Charles Dickens

Saunders is surprised--evidently surprised; but he replies, 'with the greatest pleasure.' 'Then, will you, Saunders,' says Mr. Whiffler, in an impressive manner, 'will you cement and consolidate our friendship by coming into the family (so to speak) as a godfather?' 'I shall be proud and delighted,' replies Mr. Saunders: 'which of the children is it? really, I thought they were all christened; or--' 'Saunders,' Mr. Whiffler interposes, 'they ARE all christened; you are right. The fact is, that Mrs. Whiffler is--in short, we expect another.' 'Not a ninth!' cries the friend, all aghast at the idea. 'Yes, Saunders,' rejoins Mr. Whiffler, solemnly, 'a ninth. Did we drink Mrs. Whiffler's health? Let us drink it again, Saunders, and wish her well over it!'

Doctor Johnson used to tell a story of a man who had but one idea, which was a wrong one. The couple who dote upon their children are in the same predicament: at home or abroad, at all times, and in all places, their thoughts are bound up in this one subject, and have no sphere beyond. They relate the clever things their offspring say or do, and weary every company with their prolixity and absurdity. Mr. Whiffler takes a friend by the button at a street corner on a windy day to tell him a bon mot of his youngest boy's; and Mrs. Whiffler, calling to see a sick acquaintance, entertains her with a cheerful account of all her own past sufferings and present expectations. In such cases the sins of the fathers indeed descend upon the children; for people soon come to regard them as predestined little bores. The couple who dote upon their children cannot be said to be actuated by a general love for these engaging little people (which would be a great excuse); for they are apt to underrate and entertain a jealousy of any children but their own. If they examined their own hearts, they would, perhaps, find at the bottom of all this, more self-love and egotism than they think of. Self-love and egotism are bad qualities, of which the unrestrained exhibition, though it may be sometimes amusing, never fails to be wearisome and unpleasant. Couples who dote upon their children, therefore, are best avoided.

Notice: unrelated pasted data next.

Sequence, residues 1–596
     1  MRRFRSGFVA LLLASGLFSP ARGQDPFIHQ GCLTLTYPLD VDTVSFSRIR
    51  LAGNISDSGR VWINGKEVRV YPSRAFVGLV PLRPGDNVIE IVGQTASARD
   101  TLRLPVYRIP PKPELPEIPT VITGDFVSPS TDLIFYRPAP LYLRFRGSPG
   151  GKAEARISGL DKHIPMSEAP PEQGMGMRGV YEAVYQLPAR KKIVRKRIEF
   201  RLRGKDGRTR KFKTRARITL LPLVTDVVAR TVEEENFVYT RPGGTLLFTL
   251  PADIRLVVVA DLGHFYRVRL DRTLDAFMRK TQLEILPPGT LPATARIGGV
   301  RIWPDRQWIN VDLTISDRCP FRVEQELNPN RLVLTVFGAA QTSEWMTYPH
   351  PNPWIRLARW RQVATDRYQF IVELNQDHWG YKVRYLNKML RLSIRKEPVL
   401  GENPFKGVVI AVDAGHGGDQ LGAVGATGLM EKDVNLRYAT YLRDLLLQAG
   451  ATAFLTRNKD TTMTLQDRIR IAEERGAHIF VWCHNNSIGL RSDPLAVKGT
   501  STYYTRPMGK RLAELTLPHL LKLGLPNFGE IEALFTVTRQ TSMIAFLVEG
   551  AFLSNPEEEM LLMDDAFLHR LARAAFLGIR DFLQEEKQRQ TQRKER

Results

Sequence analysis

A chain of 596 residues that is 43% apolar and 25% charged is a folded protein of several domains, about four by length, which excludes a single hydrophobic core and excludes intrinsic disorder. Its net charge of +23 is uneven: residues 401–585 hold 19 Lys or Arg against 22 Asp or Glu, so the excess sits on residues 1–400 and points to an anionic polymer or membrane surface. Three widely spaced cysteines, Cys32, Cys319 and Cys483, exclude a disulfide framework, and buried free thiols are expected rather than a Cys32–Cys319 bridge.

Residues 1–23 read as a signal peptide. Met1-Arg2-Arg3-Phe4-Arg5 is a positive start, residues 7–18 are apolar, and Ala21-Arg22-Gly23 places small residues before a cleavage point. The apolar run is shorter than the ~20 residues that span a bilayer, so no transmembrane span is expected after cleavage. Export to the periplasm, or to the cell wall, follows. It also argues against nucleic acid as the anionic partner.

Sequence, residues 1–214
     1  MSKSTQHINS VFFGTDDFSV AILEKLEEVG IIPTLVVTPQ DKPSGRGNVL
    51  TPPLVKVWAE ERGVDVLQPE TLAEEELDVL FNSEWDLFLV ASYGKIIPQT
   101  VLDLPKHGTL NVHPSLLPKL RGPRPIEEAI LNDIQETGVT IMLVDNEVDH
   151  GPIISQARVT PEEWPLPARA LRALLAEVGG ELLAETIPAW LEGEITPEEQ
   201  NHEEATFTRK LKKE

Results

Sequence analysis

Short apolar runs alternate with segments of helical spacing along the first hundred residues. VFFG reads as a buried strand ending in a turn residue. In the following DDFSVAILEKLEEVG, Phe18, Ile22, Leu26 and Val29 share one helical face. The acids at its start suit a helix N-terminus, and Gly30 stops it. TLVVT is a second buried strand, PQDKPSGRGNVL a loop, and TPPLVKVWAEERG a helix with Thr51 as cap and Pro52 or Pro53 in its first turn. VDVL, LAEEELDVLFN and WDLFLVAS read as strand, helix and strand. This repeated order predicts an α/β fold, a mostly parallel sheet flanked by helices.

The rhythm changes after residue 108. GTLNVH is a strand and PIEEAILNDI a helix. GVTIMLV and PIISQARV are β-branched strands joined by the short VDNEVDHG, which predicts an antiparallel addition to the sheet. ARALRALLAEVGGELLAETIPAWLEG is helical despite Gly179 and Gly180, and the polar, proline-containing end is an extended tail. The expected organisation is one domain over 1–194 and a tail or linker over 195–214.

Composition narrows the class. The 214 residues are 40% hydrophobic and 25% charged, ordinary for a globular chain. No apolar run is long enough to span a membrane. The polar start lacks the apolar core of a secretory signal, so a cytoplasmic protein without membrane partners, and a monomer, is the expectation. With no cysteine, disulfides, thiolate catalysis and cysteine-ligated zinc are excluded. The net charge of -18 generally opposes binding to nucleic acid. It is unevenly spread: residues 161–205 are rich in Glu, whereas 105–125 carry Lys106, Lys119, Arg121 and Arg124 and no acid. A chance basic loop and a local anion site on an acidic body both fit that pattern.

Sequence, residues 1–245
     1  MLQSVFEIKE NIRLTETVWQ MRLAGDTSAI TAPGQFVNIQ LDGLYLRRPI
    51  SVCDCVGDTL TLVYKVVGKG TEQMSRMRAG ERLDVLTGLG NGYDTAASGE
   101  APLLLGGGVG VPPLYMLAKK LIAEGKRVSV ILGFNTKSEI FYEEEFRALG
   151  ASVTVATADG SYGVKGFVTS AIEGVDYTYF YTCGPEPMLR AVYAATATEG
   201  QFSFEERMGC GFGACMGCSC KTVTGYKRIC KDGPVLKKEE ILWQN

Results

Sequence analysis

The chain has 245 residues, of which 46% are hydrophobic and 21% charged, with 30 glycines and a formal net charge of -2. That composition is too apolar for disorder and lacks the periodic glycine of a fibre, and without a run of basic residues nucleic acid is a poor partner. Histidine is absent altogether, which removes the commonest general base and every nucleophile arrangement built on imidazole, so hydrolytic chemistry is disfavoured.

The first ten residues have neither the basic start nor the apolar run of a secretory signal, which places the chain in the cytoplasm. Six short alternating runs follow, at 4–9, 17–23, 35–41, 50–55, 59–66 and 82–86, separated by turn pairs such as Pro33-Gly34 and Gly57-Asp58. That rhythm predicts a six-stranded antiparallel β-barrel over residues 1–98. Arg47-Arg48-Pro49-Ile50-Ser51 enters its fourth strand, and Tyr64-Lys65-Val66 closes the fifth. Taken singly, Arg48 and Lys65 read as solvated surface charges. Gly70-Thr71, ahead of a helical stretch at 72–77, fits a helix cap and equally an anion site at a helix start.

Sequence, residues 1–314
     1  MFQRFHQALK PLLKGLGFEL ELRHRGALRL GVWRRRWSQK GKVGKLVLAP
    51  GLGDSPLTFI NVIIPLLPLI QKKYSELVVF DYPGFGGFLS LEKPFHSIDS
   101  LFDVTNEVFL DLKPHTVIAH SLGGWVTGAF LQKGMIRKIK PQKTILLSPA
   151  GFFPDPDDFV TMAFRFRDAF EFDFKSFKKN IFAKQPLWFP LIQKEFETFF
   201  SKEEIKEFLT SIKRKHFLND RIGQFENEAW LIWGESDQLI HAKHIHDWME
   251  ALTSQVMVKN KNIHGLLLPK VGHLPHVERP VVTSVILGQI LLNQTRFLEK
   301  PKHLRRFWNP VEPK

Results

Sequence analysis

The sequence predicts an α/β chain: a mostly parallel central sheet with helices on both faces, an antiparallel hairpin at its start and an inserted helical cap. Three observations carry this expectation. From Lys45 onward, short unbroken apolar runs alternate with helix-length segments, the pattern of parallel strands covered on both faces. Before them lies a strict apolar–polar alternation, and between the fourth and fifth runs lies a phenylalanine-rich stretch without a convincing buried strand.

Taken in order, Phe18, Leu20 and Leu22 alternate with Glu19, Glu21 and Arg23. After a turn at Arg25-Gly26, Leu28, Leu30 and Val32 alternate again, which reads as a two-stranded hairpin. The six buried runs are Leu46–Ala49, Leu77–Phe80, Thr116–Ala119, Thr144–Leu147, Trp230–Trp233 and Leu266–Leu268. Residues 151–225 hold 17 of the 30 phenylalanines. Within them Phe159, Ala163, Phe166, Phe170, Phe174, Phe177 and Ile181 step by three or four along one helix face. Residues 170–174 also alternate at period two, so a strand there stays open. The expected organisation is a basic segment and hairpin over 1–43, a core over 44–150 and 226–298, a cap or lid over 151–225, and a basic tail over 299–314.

There is an old-fashioned weather-glass representing a house with two doorways, in one of which is the figure of a gentleman, in the other the figure of a lady. When the weather is to be fine the lady comes out and the gentleman goes in; when wet, the gentleman comes out and the lady goes in. They never seek each other's society, are never elevated and depressed by the same cause, and have nothing in common. They are the model of a cool couple, except that there is something of politeness and consideration about the behaviour of the gentleman in the weather-glass, in which, neither of the cool couple can be said to participate.

The cool couple are seldom alone together, and when they are, nothing can exceed their apathy and dulness: the gentleman being for the most part drowsy, and the lady silent. If they enter into conversation, it is usually of an ironical or recriminatory nature. Thus, when the gentleman has indulged in a very long yawn and settled himself more snugly in his easy-chair, the lady will perhaps remark, 'Well, I am sure, Charles! I hope you're comfortable.' To which the gentleman replies, 'Oh yes, he's quite comfortable quite.' 'There are not many married men, I hope,' returns the lady, 'who seek comfort in such selfish gratifications as you do.' 'Nor many wives who seek comfort in such selfish gratifications as YOU do, I hope,' retorts the gentleman. 'Whose fault is that?' demands the lady. The gentleman becoming more sleepy, returns no answer. 'Whose fault is that?' the lady repeats. The gentleman still returning no answer, she goes on to say that she believes there never was in all this world anybody so attached to her home, so thoroughly domestic, so unwilling to seek a moment's gratification or pleasure beyond her own fireside as she. God knows that before she was married she never thought or dreamt of such a thing; and she remembers that her poor papa used to say again and again, almost every day of his life, 'Oh, my dear Louisa, if you only marry a man who understands you, and takes the trouble to consider your happiness and accommodate himself a very little to your disposition, what a treasure he will find in you!' She supposes her papa knew what her disposition was--he had known her long enough--he ought to have been acquainted with it, but what can she do? If her home is always dull and lonely, and her husband is always absent and finds no pleasure in her society, she is naturally sometimes driven (seldom enough, she is sure) to seek a little recreation elsewhere; she is not expected to pine and mope to death, she hopes.